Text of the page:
© 2022 MJH Life Sciences and HCPLive – Clinical news for connected physicians. All rights reserved.
© 2022 MJH Life Sciences™ and HCPLive – Clinical news for connected physicians. All rights reserved.
Conference | American Psychiatric Association
A pair of psychiatrists discuss how climate change and other social determinants of health are affecting the mental wellbeing of indigenous people.
Like many public health crises, climate change does not affect all Americans equally. In fact, as 2 collaborating psychiatrists discussed with HCPLive, the most historically oppressed populations are facing a greater—and more diverse—brunt of the anxiety borne from climate change.
In an interview with HCPLive during the American Psychiatric Association (APA) 2022 Annual Meeting in New Orleans this weekend, a pair of New Mexico psychiatrists discussed the relationship between social determinants of mental health and climate change—particularly among Black, Indigenous and people of color (BIPOC).
Edward J. Neidhardt, MD, a psychiatrist with Christus St. Vincent Regional Medical Center, discussed the burden of “eco-anxiety” in younger US generations; as he noted, long-term decisions like whether to start a family, or even their perspective on the future itself, can be severely impacted by the psychological effect of environmental crisis.
“Many of them have eco-anxiety, and that amount of anxiety has been increasing over the last few years—a lot of it because of climate change and our political situation as well,” Neidhardt said. “As you get anxious, you tend to see things in a more negative way.”
Neidhardt emphasized the need to “empower” affected patients to contribute to solutions against their greatest worries; a solution to eco-anxiety can be as simple as being more active in environmental protection or rehabilitation.
But the issue may be greater in BIPOC communities, where outside contributing factors to mental health—such as poverty rates or lacking resources to care—are coupled with generally worse exposure to climate change.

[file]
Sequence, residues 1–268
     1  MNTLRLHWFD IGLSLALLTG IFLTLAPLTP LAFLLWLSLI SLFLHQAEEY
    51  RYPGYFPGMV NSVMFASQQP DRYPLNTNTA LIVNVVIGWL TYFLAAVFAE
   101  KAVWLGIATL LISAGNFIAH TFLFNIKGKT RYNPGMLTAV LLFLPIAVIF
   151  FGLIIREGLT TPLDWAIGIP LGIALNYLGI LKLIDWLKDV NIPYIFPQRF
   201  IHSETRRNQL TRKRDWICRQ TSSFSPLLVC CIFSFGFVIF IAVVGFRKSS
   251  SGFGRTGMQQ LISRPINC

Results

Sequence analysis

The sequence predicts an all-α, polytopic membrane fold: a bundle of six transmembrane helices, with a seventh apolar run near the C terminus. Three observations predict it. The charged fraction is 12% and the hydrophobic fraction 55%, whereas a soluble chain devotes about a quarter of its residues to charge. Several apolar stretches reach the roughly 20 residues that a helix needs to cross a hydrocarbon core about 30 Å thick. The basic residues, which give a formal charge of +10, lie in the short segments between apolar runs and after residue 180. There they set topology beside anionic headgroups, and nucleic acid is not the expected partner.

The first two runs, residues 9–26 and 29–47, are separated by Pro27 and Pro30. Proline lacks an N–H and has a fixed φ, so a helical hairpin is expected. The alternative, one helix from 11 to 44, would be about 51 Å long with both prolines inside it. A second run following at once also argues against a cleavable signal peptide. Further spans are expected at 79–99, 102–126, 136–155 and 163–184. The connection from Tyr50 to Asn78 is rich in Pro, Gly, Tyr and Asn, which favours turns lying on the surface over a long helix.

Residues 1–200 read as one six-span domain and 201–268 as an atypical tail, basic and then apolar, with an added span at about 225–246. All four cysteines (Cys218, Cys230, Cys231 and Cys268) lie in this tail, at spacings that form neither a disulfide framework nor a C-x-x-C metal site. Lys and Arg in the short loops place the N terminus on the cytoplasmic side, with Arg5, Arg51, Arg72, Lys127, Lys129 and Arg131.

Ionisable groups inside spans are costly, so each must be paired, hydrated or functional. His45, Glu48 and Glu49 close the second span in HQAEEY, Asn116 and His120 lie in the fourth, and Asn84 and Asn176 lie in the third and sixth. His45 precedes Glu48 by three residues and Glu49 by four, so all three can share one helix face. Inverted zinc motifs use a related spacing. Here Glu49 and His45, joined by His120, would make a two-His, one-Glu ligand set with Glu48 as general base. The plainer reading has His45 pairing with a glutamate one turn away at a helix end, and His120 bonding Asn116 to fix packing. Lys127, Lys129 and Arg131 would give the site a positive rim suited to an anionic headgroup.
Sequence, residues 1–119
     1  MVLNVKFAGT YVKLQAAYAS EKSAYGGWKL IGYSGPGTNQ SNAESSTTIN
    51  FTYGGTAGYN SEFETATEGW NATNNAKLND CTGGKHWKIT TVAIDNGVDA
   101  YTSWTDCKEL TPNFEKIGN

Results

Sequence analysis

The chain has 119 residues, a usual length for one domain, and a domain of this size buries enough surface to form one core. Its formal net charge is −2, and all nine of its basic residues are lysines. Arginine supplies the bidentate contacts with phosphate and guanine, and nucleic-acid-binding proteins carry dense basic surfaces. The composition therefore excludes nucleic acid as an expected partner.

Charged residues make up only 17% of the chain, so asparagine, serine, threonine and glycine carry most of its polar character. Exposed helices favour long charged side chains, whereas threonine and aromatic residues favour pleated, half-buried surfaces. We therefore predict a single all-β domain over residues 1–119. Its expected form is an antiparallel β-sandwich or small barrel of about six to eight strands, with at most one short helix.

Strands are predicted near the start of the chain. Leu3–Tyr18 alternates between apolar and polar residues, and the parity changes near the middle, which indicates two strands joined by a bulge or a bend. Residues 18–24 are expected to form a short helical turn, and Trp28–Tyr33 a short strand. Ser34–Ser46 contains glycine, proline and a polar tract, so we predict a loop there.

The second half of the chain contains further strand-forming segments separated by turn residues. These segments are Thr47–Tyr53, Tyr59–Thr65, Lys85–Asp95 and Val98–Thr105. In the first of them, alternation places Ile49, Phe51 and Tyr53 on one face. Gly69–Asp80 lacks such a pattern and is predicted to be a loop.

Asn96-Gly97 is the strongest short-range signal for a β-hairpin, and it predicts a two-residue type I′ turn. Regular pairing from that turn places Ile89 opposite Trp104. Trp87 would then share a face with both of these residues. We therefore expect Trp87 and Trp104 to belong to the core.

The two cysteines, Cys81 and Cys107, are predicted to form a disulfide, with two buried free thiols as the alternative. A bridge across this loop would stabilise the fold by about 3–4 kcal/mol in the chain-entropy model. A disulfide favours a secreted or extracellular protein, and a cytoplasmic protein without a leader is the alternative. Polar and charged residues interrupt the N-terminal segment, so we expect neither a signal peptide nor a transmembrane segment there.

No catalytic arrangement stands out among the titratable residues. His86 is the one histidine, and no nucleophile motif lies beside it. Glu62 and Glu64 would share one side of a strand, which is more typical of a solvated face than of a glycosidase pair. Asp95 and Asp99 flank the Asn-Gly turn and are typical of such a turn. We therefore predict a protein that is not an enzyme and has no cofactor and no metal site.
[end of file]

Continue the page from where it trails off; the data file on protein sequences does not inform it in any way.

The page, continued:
Mary Hasbah Roessel, MD, a psychiatrist with Santa Fe Indian Hospital, is Navajo. She discussed how she has observed the impact of “historical trauma” on mental health outcomes among BIPOC in both her personal experiences and as a practicing psychiatrist.
“When you have indigenous people who have been displaced, forcibly removed from their homes to go to boarding or residential schools…you have the impact of having to deal with regaining your culture, your values, your family systems again,” she explained.
And, many of the reservations or regions where these populations have been settled into are more adversely impacted by climate change. “It’s a really devastating combination of circumstances,” Roessel said.
Roessel also discussed the unique impact of climate change on the mental wellbeing of indigenous people who historically practiced “living within the land” in their culture.
“Adverse weather events, climate change, all of these issues become more pertinent and devastating for us, in terms of poverty and food insecurity especially,” she said.
Neidhardt discussed the need for broadened perspective on the contributing factors to mental health.
“In dealing with this, we really need to take a broad look at how we cope, and how we teach our patients, both dealing with acute symptoms of anxiety but also if they have PTSD, taking more active treatments…and looking at the other factors such as housing, employment, and all the things that impact people as well,” he said.
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